Mortell helps Minnesota flip field

The punter is first in Gophers history in career average yardage per punt.

Ryan Falk

At most colleges, punters are seen and not heard, but Minnesota’s has a cult following.
 
Gophers redshirt senior punter Peter Mortell’s face is a common sight on Saturdays at TCF Bank stadium, as fans hold up big cutouts of it in the stands. Mortell said it’s something he couldn’t have imagined, but he loves the way fans have embraced him.
 
“Whatever gets the crowd riled up and makes them louder,” Mortell said. “If that’s putting my head up there, then there you go.” 
 
Mortell didn’t start out as a punter, and was even named second-team all-conference at wide receiver in high school at Notre Dame Academy in Green Bay, Wis. After his team’s punter went down with an injury, however, his coach let players compete for the job and Mortell beat out 20 other players for the spot.
 
“Our guy went down and we had an open tryout,” Mortell said. “We all punted once and mine was the best so they ran with me, which is good.”
 
Now that he is a punter, Mortell is embracing it.
 
He has a strong Twitter presence, with over 5,500 followers. He was named the top college football player to follow on Twitter by NFL.com in July.
 
Mortell said the key is to not take it too seriously, and he added how much he has enjoyed the fans’ response.
 
“Just have fun with it and show everyone you’re relaxed,” Mortell said. “I think everyone appreciates that about me and it’s cool to interact with them on that level.”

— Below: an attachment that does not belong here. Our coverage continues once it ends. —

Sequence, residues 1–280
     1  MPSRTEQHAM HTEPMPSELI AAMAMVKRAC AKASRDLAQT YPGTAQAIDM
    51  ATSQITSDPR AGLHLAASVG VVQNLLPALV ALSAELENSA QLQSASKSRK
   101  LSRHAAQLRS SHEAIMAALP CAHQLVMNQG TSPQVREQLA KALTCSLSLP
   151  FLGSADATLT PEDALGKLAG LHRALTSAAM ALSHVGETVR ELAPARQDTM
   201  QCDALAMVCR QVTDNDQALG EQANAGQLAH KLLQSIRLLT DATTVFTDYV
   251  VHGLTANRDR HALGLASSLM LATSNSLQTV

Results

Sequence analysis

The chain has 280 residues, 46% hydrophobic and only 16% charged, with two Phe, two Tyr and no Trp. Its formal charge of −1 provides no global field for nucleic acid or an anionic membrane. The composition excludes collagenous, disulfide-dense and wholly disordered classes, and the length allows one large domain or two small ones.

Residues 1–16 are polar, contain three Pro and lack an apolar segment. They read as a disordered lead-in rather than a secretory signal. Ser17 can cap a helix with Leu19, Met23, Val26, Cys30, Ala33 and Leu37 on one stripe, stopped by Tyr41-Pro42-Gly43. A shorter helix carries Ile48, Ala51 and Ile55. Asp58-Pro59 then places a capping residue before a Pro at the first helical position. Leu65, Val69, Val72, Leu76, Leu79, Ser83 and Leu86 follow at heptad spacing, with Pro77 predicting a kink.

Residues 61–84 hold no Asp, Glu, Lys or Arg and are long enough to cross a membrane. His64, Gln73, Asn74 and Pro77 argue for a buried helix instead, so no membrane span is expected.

On the field, Mortell has become a special teams weapon for the Gophers, able to pin the opposing offense deep in their territory with long punts. Mortell has averaged 44.2 yards per punt in his career, which ranks first in Minnesota history.
 
“He’s punted us out of some problems this year,” head coach Jerry Kill said. “He’s definitely an asset to our team no question about that.” 
 
One of Mortell’s strongest performances of the season came against Kent State University, where he downed five of seven punts inside the 20-yard line. 
 
Punts like this allow the Gophers’ defense to start from a more advantageous position, and Mortell said that’s something he takes pride in.
 
“It’s my job as a punter to pin opposing offenses deep and help our defense keep points off the board,” Mortell said. 
 
Mortell’s performance put him on the 2015 Ray Guy Award watch list, which is the award given to the best punter in college football. 
 
Mortell said he’s honored by the recognition, but there’s still work to be done.
 
“It’s a special recognition to be on it,” Mortell said. “It’s not going to make me punt better or worse.” 
 
Mortell has had more chances to punt with the offense struggling, with 33 punts already this season. Mortell said while that number is bittersweet, the defense and special teams need to pick the offense up.
 
“That’s what separates a good and great team,” Mortell said. “When one phase of your team isn’t clicking on all cylinders, the other two need to pick up the slack.”